An account of Fourth World peoples within a First World nation, Tribal Government Today, Revised Edition is a critical analysis of the contemporary progress of Indian tribes toward self-government and economic sufficiency. Focusing on seven reservations in Montana representing the diverse opportunies and problems facing Indian tribes in the West, the book approaches tribal government from the twin perspectives of reservation politics and the legal context within which reservation conflicts must be solved.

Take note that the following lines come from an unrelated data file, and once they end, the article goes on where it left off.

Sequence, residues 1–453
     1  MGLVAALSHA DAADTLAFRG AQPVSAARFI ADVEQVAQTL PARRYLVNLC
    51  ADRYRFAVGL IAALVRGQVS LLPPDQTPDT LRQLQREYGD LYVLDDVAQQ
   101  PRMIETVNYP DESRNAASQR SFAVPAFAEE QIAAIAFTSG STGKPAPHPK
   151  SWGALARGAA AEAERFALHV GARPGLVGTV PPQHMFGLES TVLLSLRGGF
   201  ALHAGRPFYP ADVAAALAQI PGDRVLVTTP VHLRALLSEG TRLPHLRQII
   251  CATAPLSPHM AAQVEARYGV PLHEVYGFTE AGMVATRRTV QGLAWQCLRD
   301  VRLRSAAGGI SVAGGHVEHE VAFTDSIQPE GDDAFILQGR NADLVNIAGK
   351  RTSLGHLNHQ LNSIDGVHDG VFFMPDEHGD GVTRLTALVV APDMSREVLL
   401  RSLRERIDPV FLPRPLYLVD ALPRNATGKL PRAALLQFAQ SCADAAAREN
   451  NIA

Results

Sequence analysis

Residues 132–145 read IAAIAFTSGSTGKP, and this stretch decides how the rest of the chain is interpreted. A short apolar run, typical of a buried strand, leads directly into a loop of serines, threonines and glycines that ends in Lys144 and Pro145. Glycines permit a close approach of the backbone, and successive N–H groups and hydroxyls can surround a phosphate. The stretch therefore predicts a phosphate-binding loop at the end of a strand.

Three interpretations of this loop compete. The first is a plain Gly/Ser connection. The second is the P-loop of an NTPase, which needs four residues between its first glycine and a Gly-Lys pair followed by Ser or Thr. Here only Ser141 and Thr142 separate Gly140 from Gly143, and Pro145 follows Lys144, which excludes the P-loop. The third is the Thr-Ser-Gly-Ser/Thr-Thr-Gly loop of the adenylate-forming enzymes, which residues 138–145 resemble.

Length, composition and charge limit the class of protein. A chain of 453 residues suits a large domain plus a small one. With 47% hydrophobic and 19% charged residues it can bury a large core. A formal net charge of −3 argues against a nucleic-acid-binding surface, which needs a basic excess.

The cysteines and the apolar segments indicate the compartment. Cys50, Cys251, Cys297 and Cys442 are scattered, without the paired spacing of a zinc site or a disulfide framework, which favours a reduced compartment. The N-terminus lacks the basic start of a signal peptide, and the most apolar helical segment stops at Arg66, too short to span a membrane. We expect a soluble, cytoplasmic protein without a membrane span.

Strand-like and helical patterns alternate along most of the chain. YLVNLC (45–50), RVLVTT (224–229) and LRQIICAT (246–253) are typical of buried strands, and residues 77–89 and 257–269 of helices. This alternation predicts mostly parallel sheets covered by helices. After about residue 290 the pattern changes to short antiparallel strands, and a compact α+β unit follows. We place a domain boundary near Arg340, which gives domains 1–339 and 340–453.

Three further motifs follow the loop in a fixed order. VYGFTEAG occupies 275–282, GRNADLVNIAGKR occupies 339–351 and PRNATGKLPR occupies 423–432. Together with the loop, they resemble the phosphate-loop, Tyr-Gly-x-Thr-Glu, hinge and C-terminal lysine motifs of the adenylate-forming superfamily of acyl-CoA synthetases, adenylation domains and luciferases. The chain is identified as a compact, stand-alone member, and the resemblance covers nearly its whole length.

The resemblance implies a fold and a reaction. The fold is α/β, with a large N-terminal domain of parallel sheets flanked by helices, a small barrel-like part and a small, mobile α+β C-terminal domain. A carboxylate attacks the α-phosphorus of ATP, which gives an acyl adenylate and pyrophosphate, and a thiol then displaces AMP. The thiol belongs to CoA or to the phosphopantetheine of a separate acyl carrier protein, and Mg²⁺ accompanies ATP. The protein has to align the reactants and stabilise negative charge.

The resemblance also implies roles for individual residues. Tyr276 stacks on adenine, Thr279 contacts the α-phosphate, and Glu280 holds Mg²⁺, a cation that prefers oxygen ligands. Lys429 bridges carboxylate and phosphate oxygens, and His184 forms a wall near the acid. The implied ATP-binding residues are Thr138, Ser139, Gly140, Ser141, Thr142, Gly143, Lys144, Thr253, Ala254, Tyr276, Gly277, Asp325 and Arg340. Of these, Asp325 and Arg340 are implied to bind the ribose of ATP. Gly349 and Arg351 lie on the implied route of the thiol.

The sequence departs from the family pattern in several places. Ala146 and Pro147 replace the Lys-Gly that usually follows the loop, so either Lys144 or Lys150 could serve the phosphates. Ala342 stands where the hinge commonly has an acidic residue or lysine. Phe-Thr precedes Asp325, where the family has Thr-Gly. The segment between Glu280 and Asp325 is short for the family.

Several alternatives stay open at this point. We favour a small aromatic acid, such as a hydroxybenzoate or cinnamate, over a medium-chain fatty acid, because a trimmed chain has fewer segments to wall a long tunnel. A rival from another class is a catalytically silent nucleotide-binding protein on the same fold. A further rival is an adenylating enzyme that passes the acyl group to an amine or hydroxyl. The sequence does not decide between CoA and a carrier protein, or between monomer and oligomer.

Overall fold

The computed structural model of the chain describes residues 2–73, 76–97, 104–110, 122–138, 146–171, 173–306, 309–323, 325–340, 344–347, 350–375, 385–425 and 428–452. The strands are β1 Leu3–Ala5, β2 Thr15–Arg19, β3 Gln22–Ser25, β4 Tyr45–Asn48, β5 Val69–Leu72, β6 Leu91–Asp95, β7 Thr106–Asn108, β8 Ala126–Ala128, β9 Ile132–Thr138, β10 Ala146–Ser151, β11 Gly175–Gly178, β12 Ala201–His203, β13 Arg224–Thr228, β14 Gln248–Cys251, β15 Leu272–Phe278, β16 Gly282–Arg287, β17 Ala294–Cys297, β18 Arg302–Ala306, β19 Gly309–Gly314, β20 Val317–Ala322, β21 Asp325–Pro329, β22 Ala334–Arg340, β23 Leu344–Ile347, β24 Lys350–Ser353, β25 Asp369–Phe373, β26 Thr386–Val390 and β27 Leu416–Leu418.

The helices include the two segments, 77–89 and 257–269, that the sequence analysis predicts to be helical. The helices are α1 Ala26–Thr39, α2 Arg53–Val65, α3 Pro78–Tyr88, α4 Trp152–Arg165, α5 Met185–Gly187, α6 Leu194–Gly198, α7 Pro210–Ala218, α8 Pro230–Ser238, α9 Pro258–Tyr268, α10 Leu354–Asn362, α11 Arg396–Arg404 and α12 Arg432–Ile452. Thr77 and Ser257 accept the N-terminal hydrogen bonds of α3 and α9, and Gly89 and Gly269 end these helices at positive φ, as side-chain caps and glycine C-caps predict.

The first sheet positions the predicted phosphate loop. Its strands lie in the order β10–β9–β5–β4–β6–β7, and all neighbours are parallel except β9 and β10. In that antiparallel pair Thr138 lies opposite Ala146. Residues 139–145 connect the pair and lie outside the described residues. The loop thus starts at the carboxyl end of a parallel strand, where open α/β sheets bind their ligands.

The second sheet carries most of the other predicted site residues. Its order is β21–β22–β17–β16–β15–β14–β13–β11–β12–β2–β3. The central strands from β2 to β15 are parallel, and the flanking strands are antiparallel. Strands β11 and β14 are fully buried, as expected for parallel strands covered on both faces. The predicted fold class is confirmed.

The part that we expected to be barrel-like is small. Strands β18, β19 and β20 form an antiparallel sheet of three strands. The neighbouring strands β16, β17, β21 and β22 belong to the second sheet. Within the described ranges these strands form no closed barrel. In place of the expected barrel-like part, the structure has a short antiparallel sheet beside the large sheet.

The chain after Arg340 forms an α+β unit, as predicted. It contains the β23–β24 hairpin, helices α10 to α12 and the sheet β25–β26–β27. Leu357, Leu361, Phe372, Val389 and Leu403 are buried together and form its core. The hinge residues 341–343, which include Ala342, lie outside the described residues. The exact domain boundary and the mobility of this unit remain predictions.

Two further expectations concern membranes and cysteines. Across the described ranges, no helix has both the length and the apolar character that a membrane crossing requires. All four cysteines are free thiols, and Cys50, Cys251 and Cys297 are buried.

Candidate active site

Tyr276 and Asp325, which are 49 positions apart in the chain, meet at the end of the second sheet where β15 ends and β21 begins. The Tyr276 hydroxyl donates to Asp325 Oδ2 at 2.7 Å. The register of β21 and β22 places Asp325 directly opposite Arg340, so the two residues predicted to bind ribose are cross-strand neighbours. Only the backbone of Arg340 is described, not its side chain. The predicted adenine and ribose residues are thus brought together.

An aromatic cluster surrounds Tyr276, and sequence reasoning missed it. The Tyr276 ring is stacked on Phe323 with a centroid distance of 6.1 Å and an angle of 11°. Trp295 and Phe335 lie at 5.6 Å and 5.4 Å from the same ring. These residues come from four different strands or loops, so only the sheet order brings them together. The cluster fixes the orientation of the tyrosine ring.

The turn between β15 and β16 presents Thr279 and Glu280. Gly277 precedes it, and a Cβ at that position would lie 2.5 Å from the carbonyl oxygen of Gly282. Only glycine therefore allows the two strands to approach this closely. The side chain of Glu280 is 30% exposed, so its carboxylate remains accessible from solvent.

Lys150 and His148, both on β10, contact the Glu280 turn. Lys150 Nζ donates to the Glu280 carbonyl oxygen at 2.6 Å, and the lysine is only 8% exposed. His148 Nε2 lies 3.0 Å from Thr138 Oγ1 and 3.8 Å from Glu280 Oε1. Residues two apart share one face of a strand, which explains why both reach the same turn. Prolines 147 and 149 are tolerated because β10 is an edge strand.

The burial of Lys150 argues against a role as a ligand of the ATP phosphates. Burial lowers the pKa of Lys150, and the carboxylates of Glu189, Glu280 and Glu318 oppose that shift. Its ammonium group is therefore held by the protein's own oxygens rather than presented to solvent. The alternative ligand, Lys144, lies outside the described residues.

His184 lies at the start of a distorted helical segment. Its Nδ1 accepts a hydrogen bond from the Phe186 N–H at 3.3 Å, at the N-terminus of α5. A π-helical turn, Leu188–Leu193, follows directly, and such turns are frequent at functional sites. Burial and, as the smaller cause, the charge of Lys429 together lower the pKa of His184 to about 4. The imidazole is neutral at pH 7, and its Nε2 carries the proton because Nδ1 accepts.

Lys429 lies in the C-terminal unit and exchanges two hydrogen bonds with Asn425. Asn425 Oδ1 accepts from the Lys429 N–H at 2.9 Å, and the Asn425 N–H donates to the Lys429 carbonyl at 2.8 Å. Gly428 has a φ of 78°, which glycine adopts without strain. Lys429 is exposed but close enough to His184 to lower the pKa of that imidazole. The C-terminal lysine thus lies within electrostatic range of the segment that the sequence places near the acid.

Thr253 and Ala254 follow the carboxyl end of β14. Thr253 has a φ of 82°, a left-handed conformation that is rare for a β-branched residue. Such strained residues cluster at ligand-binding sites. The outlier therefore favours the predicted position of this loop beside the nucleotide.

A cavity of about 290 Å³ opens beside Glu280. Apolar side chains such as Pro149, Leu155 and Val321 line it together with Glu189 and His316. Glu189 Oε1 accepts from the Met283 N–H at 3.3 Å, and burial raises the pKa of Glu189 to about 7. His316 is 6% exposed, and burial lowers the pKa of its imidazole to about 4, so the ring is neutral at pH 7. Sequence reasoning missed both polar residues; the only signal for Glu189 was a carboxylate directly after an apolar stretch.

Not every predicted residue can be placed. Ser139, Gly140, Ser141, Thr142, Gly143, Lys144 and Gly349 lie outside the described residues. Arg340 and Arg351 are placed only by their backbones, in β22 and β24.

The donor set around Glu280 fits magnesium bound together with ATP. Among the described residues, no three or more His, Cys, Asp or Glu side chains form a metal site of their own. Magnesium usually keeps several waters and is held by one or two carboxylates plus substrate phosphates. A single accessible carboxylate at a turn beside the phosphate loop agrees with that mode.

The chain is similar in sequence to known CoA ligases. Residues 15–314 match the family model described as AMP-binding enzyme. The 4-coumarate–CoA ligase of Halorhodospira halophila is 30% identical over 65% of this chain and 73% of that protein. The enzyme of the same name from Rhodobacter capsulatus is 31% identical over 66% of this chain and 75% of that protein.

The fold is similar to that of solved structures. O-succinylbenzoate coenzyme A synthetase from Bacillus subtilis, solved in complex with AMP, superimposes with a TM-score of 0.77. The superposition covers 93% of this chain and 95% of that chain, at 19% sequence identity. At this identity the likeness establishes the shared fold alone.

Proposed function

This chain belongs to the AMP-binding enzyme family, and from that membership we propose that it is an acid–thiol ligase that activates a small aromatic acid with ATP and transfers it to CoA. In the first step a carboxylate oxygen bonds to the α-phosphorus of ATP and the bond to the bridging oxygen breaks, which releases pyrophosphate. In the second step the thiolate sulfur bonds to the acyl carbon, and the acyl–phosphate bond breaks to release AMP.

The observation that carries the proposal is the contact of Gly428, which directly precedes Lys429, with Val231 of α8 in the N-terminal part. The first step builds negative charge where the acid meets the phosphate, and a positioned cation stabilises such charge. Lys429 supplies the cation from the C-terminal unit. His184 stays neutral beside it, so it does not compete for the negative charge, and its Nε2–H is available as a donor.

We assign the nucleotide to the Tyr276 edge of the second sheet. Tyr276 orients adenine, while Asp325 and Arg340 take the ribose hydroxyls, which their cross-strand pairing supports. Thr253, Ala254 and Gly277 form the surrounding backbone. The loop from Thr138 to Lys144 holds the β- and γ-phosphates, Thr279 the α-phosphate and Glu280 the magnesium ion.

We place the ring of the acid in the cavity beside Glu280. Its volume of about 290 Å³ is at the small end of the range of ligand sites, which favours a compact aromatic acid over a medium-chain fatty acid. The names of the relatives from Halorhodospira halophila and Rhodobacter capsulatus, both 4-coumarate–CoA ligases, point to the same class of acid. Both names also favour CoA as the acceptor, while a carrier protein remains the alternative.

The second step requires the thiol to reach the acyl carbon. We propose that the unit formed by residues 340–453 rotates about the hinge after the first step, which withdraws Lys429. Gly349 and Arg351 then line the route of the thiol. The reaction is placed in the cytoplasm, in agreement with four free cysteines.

Unlike previous studies of Indian politics, Tribal Government Today is neither a critique of American Indian policy over the years nor an analysis of federal, state, and tribal jurisdictional ambiguities. The authors -- a political scientist, a lawyer, and a historian -- focus instead on the distinctive political culture that has evolved on each reservation in terms of the reservation setting, governmental structures and procedures, and a particular brand of politics. The critical inquiry is how far the reservations are from genuine self-determination and whether that goal is an impossibility for some. The authors conclude with suggestions for reforming tribal government within three main areas: the separation of powers, the role of the Bureau of Indian Affairs, and tribal acceptance of the concept of fundamental law.